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Stand structure and wood production efficiency in Black Hills ponderosa pine

dc.contributor.authorEx, Seth, author
dc.contributor.authorSmith, Frederick, advisor
dc.contributor.authorBinkley, Dan, committee member
dc.contributor.authorSteingraeber, David, committee member
dc.description.abstractContemporary North American forestry has moved away from management primarily for fiber production toward management for a suite of priorities, including aesthetics, forest health, wildlife habitat, and restoration of pre-settlement conditions. Multi-aged forest stands are better suited to contemporary management priorities than even-aged stands in many instances, largely because stand density can be held in check and regeneration initiated without wholesale removal of the overstory. However, competitive interaction between trees of varying size and inherent physiological differences between small and large trees make it unclear that multi-aged stands produce stemwood volume as efficiently as even-aged stands. In South Dakota's Black Hills National Forest, fiber production remains an important management objective, which raises questions regarding potential impacts to wood production associated with creating multi-aged structures. We used stemwood volume production per unit leaf area as a metric of production efficiency to compare productivity of different sized trees and cohorts of trees within multi-aged stands, as well as to compare productivity of multi-aged to even-aged stands of pure Pinus ponderosa var. scopulorum. Leaf area is a good measure of resource acquisition for productivity analysis both because it is closely related to light capture, and because multi-aged silvicultural systems can use leaf area per unit ground area (leaf area index) as a stocking tool to regulate density of individual cohorts within a stand. Direct measurement of leaf area is currently unfeasible in the context of daily forestry operations. Consequently, an explicit relationship between leaf area and a standard forestry metric is needed to allow managers to allocate leaf area among cohorts within multi-aged stands using available inventory data. A widely-used stocking tool called stand density index (SDI) is highly correlated with leaf area and has been suggested for this purpose. Yet, it is unclear that the relationship between SDI and leaf area is unbiased across cohorts within multi-aged stands. This work sampled 1,824 trees in 21 multi-aged and 10 even-aged stands to address questions of production efficiency and implementation of multi-aged silviculture. We found trees in the smallest cohort in multi-aged stands produced stemwood on average 20% less efficiently than trees in larger cohorts. Growth dominance analysis showed efficiency increased with increasing size for the smallest trees in multi-aged stands, but this relationship was inverted for larger trees. Despite size related efficiency differences between trees in multi-aged stands, there was no statistical difference in production efficiency between stand structures. SDI explained almost 90% of leaf area variation in multi-aged stands, with no statistical difference in the relationship across cohorts. Results suggested no penalty in terms of production efficiency for multi-aged stands compared to their even-aged counterparts. Furthermore, SDI provided an unbiased estimate of leaf area in multi-aged stands, supporting its use as a stocking tool for management of complex stand structures.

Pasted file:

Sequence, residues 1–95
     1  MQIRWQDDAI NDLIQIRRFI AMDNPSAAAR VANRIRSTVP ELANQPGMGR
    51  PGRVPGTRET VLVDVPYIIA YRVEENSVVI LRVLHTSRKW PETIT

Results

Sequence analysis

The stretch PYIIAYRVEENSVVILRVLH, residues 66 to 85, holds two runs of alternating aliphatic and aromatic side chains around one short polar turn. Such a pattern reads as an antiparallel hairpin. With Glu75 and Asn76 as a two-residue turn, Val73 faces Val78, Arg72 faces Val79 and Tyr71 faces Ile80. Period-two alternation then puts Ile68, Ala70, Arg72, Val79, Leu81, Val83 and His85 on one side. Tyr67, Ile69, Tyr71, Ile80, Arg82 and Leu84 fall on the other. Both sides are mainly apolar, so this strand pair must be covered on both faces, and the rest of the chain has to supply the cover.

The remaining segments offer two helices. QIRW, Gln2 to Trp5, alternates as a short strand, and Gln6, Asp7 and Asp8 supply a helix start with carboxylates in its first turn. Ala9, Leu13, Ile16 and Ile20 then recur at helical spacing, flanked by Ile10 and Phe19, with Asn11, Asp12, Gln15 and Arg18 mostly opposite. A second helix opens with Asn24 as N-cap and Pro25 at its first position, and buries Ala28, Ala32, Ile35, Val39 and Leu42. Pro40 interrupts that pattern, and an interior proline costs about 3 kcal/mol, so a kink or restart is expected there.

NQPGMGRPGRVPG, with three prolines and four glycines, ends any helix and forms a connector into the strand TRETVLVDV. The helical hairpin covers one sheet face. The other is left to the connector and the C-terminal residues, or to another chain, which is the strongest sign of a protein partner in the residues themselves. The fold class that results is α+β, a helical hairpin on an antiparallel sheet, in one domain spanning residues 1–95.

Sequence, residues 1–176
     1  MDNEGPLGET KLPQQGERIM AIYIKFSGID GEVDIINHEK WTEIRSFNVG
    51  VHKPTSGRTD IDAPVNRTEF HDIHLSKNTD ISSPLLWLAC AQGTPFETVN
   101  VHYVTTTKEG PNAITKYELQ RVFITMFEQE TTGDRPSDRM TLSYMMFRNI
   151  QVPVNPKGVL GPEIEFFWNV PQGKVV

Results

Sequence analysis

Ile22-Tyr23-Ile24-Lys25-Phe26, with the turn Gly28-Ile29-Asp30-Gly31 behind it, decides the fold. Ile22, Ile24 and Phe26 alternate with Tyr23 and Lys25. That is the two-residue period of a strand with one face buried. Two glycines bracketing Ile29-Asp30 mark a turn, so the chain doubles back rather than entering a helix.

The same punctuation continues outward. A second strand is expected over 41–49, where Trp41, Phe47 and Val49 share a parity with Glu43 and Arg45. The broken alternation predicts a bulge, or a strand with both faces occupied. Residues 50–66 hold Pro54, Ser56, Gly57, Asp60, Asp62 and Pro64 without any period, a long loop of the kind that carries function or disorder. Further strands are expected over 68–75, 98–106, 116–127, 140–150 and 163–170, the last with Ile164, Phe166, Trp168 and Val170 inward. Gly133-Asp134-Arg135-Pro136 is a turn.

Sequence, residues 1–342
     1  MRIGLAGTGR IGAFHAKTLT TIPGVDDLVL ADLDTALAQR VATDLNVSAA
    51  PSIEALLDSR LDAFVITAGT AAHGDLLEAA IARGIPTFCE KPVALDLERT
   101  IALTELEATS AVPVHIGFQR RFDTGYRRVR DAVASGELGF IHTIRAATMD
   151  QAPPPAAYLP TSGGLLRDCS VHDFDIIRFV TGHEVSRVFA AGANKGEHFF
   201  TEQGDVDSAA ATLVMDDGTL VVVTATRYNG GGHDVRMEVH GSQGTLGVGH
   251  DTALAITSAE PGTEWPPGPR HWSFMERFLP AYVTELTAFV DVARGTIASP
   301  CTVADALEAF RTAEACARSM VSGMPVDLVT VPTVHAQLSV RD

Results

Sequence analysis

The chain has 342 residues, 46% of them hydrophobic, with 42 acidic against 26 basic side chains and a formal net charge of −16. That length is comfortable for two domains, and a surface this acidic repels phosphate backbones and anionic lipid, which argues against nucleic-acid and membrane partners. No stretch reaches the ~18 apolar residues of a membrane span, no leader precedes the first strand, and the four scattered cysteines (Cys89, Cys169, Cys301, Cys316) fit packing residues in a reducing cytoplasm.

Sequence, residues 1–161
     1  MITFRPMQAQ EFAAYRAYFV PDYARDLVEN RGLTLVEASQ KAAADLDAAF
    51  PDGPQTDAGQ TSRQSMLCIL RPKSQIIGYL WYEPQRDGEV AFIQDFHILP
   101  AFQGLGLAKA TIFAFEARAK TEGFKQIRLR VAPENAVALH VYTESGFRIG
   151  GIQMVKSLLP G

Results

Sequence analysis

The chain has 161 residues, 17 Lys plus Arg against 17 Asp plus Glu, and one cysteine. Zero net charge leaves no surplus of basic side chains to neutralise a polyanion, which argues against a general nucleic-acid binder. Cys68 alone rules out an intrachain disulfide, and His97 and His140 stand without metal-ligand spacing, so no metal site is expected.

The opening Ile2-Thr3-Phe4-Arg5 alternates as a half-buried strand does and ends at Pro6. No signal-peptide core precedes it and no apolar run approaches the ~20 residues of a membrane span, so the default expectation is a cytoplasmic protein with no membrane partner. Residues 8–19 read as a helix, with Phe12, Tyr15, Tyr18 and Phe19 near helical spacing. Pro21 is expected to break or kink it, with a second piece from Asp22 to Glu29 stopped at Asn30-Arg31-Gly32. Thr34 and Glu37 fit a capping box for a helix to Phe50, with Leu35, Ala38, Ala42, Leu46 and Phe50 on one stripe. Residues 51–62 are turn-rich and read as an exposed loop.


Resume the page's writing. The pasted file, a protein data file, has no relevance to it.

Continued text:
dc.format.mediumborn digital
dc.format.mediummasters theses
dc.publisherColorado State University. Libraries
dc.rightsCopyright and other restrictions may apply. User is responsible for compliance with all applicable laws. For information about copyright law, please see
dc.subjectgrowth and yield
dc.subjectleaf area index
dc.subjectstand dynamics
dc.titleStand structure and wood production efficiency in Black Hills ponderosa pine
dcterms.rights.dplaThis Item is protected by copyright and/or related rights ( You are free to use this Item in any way that is permitted by the copyright and related rights legislation that applies to your use. For other uses you need to obtain permission from the rights-holder(s). and Rangeland Stewardship State University of Science (M.S.)


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